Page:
Each turn you have 5 Valour points that are spent to lay cards in any combination. Some cards may add more Valour points, most of them however cost you a specific number of points, as listed on the card with a little lightning bolt symbol, and you cannot lay a card if it costs more Valour than you have available. This is a very easy way to determine what you can lay. There is not fiddly adding up points based on what you’ve got on the table. You always have 5 points, period, end of story (unless of course you add more by playing cards that tell you to in that turn). Simple!
You then add up your total attack value and if your Attack is higher than the opponents Defense value, you deal damage equal to the difference (attack-defense=damage)! If your attack value is LOWER than your opponents defense you take damage yourself instead (oops).
When your opponent is reduced to zero (0) health from your original 20, the game is over and you win.
See the picture to the right for a sampling of what a typical round may look like ->
Maha Yodha is a 2 player CCG with some familiar (and some not so familiar) mechanics that plays in 20-30 minutes and is very easy to learn, with stunningly beautiful artwork and fun history and facts.
We would rate it a 6.5 out of 10 overall (at this stage).
A couple of minor issues we found that the creators have a lot of time to look into fixing;
Tiny yellow text on white backgrounds on some of the cards is hideously difficult to read (an easy fix before production begins and has been noted by the makers)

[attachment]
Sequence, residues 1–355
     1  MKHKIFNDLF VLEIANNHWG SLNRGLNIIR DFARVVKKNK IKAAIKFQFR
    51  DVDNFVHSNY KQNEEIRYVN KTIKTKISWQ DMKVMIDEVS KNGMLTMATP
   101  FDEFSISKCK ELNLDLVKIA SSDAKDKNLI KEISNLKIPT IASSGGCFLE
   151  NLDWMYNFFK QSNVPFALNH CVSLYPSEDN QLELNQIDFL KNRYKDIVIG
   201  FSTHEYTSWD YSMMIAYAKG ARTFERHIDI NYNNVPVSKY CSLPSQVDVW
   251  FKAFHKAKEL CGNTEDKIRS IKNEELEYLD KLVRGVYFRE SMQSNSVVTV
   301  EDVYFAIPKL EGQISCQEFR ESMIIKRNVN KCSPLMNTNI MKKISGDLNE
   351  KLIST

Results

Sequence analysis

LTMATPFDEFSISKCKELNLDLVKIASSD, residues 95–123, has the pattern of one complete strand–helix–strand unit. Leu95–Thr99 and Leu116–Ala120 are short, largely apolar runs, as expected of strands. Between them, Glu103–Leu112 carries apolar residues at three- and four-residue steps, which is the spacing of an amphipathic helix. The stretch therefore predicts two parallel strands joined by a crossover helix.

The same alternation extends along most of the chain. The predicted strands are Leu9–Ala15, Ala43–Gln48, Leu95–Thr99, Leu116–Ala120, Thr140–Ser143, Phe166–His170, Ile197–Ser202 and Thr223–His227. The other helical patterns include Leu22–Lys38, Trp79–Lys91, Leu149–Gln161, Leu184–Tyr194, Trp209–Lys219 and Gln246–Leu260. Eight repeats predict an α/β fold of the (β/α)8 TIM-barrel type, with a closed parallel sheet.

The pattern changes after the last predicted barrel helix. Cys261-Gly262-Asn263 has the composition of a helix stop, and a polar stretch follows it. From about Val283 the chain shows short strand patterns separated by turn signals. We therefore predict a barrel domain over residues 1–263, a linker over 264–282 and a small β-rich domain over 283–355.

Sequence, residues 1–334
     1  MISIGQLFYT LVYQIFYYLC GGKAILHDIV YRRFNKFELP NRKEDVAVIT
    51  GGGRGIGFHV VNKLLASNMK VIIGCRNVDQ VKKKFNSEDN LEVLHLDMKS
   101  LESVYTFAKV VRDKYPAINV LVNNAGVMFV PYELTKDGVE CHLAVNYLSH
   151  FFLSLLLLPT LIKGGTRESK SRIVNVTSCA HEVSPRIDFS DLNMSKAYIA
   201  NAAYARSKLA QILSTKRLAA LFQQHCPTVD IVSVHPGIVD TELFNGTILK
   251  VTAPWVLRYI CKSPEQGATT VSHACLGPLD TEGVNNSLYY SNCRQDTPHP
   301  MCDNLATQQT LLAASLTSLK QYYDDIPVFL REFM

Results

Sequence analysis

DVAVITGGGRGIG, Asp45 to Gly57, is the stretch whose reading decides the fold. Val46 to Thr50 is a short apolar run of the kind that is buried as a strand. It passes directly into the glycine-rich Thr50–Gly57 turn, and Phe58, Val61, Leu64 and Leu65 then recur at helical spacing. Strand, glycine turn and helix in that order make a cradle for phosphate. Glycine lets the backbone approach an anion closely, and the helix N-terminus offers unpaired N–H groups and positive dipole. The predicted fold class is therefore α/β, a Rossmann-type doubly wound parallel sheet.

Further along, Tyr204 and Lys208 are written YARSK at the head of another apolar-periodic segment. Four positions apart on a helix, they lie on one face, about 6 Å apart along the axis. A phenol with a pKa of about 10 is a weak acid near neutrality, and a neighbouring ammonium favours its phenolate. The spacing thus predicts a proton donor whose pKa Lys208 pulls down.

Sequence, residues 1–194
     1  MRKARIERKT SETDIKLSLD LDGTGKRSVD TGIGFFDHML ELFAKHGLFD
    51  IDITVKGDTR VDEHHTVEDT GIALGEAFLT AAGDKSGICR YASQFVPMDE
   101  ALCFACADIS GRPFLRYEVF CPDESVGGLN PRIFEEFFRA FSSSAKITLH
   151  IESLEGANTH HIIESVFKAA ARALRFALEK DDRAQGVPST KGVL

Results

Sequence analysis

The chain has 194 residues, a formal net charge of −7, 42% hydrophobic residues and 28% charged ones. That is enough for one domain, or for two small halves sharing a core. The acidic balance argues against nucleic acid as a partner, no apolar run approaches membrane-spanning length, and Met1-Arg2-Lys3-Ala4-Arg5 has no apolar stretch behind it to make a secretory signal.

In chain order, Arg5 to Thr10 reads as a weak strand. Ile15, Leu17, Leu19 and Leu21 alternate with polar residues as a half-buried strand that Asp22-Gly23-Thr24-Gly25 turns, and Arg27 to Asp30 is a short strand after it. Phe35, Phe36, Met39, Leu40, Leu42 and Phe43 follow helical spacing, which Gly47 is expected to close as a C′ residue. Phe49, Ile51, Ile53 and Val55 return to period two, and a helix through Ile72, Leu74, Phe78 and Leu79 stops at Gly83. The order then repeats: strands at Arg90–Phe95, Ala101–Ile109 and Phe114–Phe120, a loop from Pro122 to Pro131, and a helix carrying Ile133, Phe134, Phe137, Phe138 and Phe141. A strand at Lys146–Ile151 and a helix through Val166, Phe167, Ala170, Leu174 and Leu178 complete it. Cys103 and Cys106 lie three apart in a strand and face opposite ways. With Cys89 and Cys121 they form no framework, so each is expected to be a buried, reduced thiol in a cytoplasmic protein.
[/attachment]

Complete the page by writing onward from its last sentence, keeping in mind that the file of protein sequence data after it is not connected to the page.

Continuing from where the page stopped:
How a typical round is to be played needs some clarification (For example, does the attacking player play all of their cards, then the defending player? Or do you play one card at a time alternating between the two players? Or does the defender play their cards first?)
Does the defender need a Warrior to defend? (I assume no)
The rules, while simplistic and meant for quick easy play, are possibly TOO simplistic. Some examples and further explaination would go a LONG way to bringing our rating up some and giving us a better idea of how the game plays out!
Certainly nothing major there to be worried about as I imagine most of the wrinkles will be ironed out before the game goes into production.
Overall the game has been very well designed and illustrated. Maha Yodha would make a great “conversation piece” type of card game for most players (due to the history and mythology that is so often unexplored) and we think it would make a decent addition to your collection even if only for that reason, let alone the gameplay value.